The Mystery of Missing People

Like many people, I enjoy a good mystery. Stories where you need to know what happens next. Tales that pique your curiosity, and keep you turning the page to get to the end.

Over the years, I’ve found missing people intrigued me. Why did they disappear? Was it an accident or something more sinister? Is there a happy ending or does it end in tragedy? Also, just as importantly, how does it affect those left behind?

Before I thought about becoming a published author, many of the stories I’d written over the years involved this mystery.

In 2013, I found I could self-publish via Amazon and the first thing I wanted to do was a book containing the stories of those people.

The Missing was finally published in 2014, although it went through a couple of changes since then; new cover, new formatting and an extra story.

Did you know for instance, that there are 300,000 people reported missing each year, working out at almost 900 a day?

The first high profile case I recall was that of Lord Lucan in 1974. His wife claimed her husband had attacked her, and murdered their nanny. The police investigated, but Lord Lucan was never found and to this day it remains a mystery. You can read the full story here.

Journalist Amelia Hill wrote a fascinating article in the Guardian in 2012 about a girl who became pregnant. Her boyfriend didn’t want to know, and her parents told her to get an abortion. She felt she had no option but to run away. She had her baby, but says her life had been a lie ever since.

As part of my research I went onto the missing person’s website. There were many stories about people who had disappeared and those left behind. One mum showed the bedroom of her son left exactly as it was left in 2006. The torment she must live with wondering whether he is still alive is hard to imagine.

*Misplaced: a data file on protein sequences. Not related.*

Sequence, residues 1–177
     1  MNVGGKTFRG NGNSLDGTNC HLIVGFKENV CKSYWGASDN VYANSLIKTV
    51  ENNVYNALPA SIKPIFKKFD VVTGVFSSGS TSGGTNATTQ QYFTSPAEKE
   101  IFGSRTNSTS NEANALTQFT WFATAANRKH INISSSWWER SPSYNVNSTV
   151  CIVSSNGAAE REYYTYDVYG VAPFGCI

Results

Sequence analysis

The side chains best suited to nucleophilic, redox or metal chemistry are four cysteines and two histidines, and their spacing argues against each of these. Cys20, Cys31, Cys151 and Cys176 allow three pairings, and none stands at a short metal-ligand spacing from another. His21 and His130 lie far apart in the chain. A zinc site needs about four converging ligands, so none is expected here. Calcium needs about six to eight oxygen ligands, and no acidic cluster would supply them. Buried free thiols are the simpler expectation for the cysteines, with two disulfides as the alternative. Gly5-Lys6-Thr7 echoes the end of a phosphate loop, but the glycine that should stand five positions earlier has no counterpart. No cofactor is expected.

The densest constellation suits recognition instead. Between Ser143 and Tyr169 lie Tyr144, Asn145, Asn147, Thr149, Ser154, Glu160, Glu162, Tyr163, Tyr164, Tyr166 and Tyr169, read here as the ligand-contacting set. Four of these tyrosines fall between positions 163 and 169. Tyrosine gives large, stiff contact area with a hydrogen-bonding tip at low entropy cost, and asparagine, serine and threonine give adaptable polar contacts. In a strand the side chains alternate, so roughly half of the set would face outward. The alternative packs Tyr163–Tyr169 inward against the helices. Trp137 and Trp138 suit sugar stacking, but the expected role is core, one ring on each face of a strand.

Another high profile case was that of estate agent Suzy Lamplugh who disappeared in 1985. An attractive young woman who had penciled in her diary that she was meeting a Mr Kipper. She was never seen again, her remains never found and Mr Kipper was never traced. Estate agents immediately changed the way they worked and Suzy’s mother founded a Trust in the name of her daughter that deals with personal safety.

Not all cases are high profile, and in 2012 an appeal was launched for a missing woman who had not long given birth. She was already suffering from anxiety and depression. It could have gone either way and for a few days, everyone lived in hope until they found her body.

I read a story called Never Coming Back by Tim Weaver. It told an intriguing tale about a young woman who visited her sister and when she arrived there is no one home. The whole family had disappeared right in the middle of what they were doing. How could they just disappear, leaving their dog, and food cooking? It’s a great read and that element of mystery was a key factor.

Little Ben Needham was aged just 21 months when he disappeared in 1991. He was on holiday on the Greek Island of Kos with his family. He was being looking after by his grandparents at their farmhouse when he vanished. It made the news all over the world and in recent years and it now finally looks as if the boy wandered onto a nearby building site and was killed in a tragic accident. The website gives the details and how his mother always lived in the hope of him being found.